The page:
Memories are funny things, often popping up from nowhere thanks to random stimuli. Recollections buried in the dark recesses of your subconscious are unexpectedly brought to the fore. So when Headspun’s brain management gameplay had me recall 80s edutainment TV show Once Upon a Time…Life, I shouldn’t be surprised. We’ll ignore the embarrassment that that’s where my mind first gravitated towards for now. For younger audiences, or those that cooler than me, that spent more time watching Thundercats in the 80s, think Pixar’s Inside Out and you won’t be far off from Headspun.
Memory recollection is fitting for Headspun, as it forms a key part of the gameplay. You control Ted, a sort of general manager for the brain of Theo. Currently, Theo’s brain is a mess after a recent accident and it’s up to Ted to turn things around. He can repair the brain by spending Neuro Currency on various improvements. Generating this cortex wonga is done by Theo performing brain-stimulating activities from his hospital bed. In between this, you’re treated to FMV cutscenes to help piece together the memories of what led up to the accident.
Large portions of your time are spent in a daily cycle. You’ll head over to Cortex Control and wake up Theo for a day of Sudoku or whatever. Then you plan on how best to spend your moolah whilst accumulating tasks, managing a team and their needs. You’ll also interact with Teddy, another part of Theo’s conscious, who is the foil to Ted’s organised, focused approach. The gameplay is repetitive because you choose between a small list of activities each day. You complete these with simple button inputs but even as more unlock they never really elevate the experience. The button-mashing, basic maths, or QTE button presses sadly become stale very fast. In one sense it’s genius as it perfectly encapsulates the boredom and repetition of being confined to a hospital bed. But as a medium of entertainment, it does drag after a while.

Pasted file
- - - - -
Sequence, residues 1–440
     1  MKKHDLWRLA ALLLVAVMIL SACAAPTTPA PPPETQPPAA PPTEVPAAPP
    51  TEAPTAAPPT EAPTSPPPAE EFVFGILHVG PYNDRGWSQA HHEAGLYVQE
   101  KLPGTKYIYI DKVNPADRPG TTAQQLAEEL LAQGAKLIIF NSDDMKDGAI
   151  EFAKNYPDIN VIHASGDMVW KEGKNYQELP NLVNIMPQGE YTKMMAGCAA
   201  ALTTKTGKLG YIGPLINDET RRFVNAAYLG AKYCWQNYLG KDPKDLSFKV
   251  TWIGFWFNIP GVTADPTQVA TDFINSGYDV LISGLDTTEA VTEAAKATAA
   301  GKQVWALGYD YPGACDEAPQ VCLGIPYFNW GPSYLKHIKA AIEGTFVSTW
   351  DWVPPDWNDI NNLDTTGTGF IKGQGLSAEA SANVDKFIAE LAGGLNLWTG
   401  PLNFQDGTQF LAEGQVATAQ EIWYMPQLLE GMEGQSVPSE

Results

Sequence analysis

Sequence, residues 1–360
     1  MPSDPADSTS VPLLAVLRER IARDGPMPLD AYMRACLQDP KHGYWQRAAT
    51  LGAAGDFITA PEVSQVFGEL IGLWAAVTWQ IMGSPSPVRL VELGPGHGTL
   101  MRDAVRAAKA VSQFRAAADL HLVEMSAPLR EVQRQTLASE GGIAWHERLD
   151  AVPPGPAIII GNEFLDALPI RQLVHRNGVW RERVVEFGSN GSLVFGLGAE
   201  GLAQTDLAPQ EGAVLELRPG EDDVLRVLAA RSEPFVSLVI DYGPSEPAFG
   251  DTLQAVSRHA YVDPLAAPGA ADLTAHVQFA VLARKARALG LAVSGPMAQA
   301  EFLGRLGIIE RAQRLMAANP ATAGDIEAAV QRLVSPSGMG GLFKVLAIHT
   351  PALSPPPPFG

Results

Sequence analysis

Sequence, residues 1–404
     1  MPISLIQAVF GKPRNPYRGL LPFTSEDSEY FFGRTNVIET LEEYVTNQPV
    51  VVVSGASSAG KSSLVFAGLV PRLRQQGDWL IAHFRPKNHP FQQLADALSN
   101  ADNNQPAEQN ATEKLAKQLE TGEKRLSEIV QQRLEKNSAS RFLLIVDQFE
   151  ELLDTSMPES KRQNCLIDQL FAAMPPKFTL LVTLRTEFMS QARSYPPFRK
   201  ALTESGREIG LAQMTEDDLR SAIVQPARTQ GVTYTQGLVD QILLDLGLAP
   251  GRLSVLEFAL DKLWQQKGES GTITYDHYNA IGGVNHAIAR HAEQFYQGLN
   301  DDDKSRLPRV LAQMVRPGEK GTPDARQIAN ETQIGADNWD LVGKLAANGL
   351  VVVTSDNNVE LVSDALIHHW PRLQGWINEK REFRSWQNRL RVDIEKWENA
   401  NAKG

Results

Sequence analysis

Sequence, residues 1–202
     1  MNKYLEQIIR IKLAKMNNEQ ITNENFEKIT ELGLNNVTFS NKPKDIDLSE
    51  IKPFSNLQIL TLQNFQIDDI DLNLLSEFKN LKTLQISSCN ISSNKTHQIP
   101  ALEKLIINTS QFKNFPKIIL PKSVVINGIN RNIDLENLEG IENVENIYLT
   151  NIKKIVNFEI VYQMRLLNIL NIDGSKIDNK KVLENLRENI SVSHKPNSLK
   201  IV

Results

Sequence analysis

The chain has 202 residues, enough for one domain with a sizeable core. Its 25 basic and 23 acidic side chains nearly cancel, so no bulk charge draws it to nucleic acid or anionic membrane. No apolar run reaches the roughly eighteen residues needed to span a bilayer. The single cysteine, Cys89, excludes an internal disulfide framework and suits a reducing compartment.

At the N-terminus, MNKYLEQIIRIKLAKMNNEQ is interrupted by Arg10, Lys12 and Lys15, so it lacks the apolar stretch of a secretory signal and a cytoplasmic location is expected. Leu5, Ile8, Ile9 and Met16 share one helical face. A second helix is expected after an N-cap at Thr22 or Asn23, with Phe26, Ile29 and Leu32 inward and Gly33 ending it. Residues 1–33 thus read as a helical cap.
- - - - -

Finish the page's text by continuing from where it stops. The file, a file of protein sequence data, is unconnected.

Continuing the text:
Therefore, you end up longing for those days where you’ll be treated to specific FMV that progresses the story. Visitors might reveal more about what happened to Theo, or his carer might let some information slip. The acting in the FMV recordings is well done and does a good job of setting the various scenes. And as you would expect, there are FMV conversation trees, resulting in different pre-recorded responses. However, in most instances, your dialogue choices make very little difference. Often all of your speech choices have to be exhausted to progress the plot. All that changes based on your choices is the order of the conversation. Therefore with such little consequence to your decisions, the concept is somewhat undermined.
After a hard day of reading and chatting, Theo’s bedtime approaches. This gives Ted an opportunity to explore Cortex before hitting the hay. And to be fair there are plenty of places to explore, and more can be unlocked by paying for repairs. You can unlock Memory Banks, an R&D department and even a fully-stocked bar. You get a sense of Cortex being truly alive, with workers meandering about, and it growing organically each day. Some new areas will feel more cosmetic than others, and a bit underused. However, others serve key purposes to the plot or unlock new tasks and bonuses for you and your staff so are well worth investigating.